Tiger Woods chips out of a bunker on the 18th hole ahead of the 142nd Open Championship at Muirfield, Gullane, Scotland. Picture: GETTY IMAGES
Tiger Woods. Picture: GETTY IMAGES

TIGER Woods lost one of the most lucrative and long-standing endorsement deals in sport this week as EA Sports dropped him as the face of its computer golf game after a 90% decline in sales in five years.

The company’s move to end the 15-year association, which has yielded Mr Woods £480m (about R7.6bn) — almost seven times the world number one’s on-course earnings over the same period — is a symbolic one for the American, who has retained only two of his original sponsors since his 2009 sex scandal.

Although both Nike and Netjets, a private jet company, have remained unstinting in their loyalty, EA Sports is the seventh major corporation to jettison Woods after Gillette, Gatorade, AT&T, Accenture, Buick and Tag Heuer.

But this time the trigger was not damage inflicted by his cheating, but a decline in marketability: the 2013 version of Tiger Woods PGA Tour sold just more than 300,000 copies so far, compared with 3.39-million in 2008.

Mr Woods’s agent, Mark Steinberg, who confirmed he was already looking for a replacement video game platform for Mr Woods, tried to put a positive spin on being discarded.

“Outside of John Madden, you would be hard-pressed to find a sports figure that meant as much to a game company as Tiger did to EA. But times are changing — EA had to re-evaluate the partnership and, frankly, so did we,” he said.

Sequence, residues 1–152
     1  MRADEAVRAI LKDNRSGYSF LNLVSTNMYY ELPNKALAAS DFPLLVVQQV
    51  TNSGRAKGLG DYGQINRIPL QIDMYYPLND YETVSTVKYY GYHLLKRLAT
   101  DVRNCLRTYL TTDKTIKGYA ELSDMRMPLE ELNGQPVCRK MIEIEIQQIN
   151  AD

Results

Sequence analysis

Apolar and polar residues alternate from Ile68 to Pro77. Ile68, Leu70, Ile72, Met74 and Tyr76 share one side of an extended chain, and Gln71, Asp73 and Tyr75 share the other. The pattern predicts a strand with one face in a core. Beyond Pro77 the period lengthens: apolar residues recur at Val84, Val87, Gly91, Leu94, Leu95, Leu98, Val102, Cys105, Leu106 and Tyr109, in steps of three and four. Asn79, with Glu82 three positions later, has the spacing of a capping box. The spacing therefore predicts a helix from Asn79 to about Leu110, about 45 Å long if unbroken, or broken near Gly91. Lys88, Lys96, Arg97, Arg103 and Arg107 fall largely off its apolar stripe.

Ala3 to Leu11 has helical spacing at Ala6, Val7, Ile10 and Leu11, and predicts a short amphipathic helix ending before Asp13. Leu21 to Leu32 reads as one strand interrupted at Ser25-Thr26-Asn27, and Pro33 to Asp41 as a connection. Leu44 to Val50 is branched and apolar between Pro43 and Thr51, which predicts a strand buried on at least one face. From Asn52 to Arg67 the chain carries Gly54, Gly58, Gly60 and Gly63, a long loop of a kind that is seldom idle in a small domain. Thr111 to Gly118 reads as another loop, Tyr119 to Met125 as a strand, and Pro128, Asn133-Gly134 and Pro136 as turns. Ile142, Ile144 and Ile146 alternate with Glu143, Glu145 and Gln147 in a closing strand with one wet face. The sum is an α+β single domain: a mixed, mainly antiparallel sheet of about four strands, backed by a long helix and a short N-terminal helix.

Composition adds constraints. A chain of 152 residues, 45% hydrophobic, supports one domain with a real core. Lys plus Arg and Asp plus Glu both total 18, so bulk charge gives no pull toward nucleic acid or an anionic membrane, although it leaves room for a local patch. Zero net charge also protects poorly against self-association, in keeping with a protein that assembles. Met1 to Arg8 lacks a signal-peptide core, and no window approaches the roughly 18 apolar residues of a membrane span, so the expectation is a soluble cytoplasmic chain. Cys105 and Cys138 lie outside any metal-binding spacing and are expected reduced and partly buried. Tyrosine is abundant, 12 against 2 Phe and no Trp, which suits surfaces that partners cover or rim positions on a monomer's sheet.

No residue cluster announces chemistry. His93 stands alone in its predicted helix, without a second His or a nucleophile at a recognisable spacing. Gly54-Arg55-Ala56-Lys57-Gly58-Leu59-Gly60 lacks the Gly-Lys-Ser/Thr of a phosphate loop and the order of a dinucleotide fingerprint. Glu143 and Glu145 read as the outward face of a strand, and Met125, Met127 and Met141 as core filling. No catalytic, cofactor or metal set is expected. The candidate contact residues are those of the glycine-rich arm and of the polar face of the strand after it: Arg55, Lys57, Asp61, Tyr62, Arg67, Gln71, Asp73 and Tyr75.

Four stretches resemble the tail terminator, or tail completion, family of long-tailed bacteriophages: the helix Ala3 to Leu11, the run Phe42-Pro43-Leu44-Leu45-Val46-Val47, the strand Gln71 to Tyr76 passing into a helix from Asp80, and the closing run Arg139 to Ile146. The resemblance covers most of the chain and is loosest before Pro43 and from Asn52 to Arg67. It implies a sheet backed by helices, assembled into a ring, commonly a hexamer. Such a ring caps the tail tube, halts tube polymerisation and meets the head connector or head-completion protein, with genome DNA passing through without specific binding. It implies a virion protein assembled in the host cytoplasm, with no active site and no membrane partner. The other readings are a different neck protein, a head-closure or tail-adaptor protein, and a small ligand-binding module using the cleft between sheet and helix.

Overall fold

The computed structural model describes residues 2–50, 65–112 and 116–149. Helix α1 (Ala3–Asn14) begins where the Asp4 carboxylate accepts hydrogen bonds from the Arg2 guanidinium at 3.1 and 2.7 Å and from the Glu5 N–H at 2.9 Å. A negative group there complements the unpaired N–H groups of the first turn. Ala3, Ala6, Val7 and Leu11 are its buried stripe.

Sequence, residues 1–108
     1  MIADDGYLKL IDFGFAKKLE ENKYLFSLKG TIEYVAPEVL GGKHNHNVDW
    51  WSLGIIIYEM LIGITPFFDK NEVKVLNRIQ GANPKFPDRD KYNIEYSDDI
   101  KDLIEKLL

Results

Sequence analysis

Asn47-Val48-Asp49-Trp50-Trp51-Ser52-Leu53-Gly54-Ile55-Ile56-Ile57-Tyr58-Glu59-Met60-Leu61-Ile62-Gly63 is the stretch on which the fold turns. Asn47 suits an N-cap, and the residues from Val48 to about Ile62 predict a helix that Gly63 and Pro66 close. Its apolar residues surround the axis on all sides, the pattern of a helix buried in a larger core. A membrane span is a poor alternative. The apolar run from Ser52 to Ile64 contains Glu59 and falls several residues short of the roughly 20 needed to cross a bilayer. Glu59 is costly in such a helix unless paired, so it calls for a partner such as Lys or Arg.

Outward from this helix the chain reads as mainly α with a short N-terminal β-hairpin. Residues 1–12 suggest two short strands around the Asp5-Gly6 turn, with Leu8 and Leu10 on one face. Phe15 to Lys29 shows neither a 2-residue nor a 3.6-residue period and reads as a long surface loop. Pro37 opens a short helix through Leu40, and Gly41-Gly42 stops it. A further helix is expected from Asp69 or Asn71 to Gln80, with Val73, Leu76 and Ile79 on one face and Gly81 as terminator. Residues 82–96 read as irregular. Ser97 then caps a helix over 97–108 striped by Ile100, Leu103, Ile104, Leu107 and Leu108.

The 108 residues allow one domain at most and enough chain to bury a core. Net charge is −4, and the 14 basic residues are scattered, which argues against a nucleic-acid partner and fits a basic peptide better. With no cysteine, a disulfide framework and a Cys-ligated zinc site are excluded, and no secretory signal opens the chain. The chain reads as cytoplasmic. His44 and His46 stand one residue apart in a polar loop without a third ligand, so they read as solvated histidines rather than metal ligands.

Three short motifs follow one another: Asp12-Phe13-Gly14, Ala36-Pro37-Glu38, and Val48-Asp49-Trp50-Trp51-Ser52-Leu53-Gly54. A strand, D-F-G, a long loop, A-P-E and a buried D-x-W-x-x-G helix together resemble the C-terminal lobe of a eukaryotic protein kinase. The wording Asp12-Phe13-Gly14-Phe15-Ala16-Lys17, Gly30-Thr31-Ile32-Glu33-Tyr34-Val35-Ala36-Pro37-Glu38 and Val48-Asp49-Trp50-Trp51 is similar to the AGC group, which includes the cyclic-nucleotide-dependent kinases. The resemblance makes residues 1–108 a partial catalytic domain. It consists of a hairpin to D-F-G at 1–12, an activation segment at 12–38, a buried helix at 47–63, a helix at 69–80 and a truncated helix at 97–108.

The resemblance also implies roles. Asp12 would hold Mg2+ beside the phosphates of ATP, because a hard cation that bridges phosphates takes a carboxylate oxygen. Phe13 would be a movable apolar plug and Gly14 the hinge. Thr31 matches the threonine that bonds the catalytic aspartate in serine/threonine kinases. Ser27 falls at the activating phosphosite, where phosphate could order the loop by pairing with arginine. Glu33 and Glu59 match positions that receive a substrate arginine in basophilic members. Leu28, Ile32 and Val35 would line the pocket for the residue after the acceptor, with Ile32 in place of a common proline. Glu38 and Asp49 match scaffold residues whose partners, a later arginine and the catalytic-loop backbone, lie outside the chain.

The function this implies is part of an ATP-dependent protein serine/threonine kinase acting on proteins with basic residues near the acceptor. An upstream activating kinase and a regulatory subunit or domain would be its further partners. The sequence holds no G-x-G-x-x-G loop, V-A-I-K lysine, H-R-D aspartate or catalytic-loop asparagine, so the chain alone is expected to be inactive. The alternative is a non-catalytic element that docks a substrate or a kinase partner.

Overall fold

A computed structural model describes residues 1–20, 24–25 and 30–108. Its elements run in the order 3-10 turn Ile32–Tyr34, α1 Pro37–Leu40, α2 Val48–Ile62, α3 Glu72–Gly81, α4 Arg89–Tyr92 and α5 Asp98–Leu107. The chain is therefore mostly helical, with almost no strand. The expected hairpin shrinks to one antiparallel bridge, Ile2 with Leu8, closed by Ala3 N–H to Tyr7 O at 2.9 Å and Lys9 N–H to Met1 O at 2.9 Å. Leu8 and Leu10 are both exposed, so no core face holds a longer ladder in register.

It all sounded like the cold language of divorce as EA vice-president Daryl Holt dispassionately announced that he “wished Tiger well”.

But Mr Steinberg was right in that the trends among a younger golfing fan base are moving quicker than even Mr Woods, at 37, appears able to keep up with.

Tellingly, Mr Woods has not been the main selling point for EA’s golf franchise since 2011, when he had to share the cover of the game with young rival Rory McIlroy. Last year Rickie Fowler, the sport’s other emblem of youth, also joined the publicity images.

Mr Woods is unlikely to suffer financially. With five titles this season, he has reinforced his status as the highest-earning sportsman in the world and has an estimated worth of £367m.

Nike continues to pay him £12.5m a year as he toasts his success in topping the US money list for a 10th time.

© The Daily Telegraph, London

• This article was first published in Sunday Times: Business Times